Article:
WA: Agreed, Dawid! I think it would be worthwhile here to talk through a real-life example to make this more meaningful. We had a large retail bank in North America who wanted to double down on retail and commercial flows by leading with a cross-border payout solution to rival the innovative fintech’s. They wanted to regain wallet share and respond to competition who have launched online, app-based cross- border payment offerings.

We were able to extend their currency footprint to 120 currencies —increasing their FX revenue and attracting new clients — with our WorldLink cross-border payment platform. The solution also provided them with the scalability needed to support higher volumes through their expanded cross- currency payment capabilities.

DJ: We know, however, that one size does not fit all. While API based solutions are the Northern Star, there is probably a lot which can be achieved even without APIs in the interim in a very cost-efficient way without the need for substantial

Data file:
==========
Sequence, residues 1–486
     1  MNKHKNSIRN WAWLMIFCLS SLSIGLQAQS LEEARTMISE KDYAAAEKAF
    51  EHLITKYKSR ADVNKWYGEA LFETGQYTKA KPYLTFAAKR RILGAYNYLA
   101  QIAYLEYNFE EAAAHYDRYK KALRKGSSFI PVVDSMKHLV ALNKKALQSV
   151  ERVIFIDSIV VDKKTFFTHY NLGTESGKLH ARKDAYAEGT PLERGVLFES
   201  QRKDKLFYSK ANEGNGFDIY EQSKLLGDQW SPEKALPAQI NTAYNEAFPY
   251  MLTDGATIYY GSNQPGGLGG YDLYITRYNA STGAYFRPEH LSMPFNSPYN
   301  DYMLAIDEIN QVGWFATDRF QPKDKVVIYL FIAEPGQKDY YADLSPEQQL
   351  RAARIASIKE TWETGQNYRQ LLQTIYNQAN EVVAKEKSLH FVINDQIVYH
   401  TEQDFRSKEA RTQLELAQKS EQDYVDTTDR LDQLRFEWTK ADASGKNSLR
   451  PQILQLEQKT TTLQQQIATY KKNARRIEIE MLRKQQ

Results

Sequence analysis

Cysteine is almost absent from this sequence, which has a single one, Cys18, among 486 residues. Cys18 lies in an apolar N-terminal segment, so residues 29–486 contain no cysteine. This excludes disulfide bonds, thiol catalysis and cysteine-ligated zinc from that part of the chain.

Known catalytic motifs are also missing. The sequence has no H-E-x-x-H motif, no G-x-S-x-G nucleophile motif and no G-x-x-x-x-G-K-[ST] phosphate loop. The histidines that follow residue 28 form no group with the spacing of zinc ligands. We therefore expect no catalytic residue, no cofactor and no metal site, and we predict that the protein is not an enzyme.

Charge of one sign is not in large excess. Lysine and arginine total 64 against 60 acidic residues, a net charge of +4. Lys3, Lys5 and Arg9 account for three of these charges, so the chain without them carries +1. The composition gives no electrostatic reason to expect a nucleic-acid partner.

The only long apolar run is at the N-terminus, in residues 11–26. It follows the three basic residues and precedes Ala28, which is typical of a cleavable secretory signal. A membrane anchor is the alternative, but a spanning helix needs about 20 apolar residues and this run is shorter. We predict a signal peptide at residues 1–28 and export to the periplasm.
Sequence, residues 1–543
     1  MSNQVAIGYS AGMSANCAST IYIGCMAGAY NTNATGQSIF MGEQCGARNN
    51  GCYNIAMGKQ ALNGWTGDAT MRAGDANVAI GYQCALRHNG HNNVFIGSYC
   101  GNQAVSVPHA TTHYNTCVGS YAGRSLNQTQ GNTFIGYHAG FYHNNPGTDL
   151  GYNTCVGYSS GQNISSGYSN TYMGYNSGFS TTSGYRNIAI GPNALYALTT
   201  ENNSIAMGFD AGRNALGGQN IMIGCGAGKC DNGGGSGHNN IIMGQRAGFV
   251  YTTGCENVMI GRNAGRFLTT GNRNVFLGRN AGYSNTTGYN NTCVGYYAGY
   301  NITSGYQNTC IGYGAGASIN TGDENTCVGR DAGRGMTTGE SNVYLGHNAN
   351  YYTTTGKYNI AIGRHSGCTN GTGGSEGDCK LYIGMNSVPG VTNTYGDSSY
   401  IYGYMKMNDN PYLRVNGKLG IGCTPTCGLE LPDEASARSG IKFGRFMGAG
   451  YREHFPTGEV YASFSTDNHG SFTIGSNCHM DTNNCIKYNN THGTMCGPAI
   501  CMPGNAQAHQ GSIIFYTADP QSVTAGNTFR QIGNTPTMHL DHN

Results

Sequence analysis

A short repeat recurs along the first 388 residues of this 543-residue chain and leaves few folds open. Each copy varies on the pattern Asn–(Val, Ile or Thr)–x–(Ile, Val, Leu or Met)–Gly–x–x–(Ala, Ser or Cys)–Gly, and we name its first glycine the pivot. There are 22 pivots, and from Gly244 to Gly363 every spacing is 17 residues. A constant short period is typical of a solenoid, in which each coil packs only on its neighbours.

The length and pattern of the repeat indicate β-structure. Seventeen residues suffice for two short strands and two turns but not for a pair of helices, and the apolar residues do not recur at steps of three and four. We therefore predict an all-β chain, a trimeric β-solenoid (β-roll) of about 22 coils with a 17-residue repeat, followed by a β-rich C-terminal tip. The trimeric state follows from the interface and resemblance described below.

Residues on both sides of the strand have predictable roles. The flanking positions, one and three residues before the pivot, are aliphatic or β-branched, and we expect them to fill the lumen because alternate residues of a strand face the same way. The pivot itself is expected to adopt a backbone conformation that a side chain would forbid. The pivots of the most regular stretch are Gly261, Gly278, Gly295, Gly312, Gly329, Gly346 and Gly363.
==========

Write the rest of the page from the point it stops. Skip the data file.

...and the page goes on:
investment – for example ensuring very consistent experience when it comes to deducted fees to increase transparency, offering client friendly options for beneficiaries to track incoming payments, or increasing ability to deliver payments on holidays in increasingly 24/7/365 fashion. Citi works with many bank clients to deliver these without any investment from their end, and even without any implementation requirements on their side.

KD: What else should banks consider when developing a solution with a partner?

WA: Anything that clients are considering should always come back to how pain points are being addressed. In the survey, over half of our clients indicated cost, particularly in the retail space, is their biggest consideration. When you engage in a relationship with a provider that already can offer a vast amount of choice — including cross- border ACH, IP, wallets, etc. — you can work toward the goal of reducing cost.

For many clients speed – which often ties to 24/7/365 service availability - is the key. To address the cross-border payments needs of such clients, banks need a partner that can deliver on the 24/7/365 evolution and be able to support the various instant payments methods that are continuously being expanded.

KD: Gentleman, thank you for taking the time to share your thoughts and observations from the survey.


Survey Results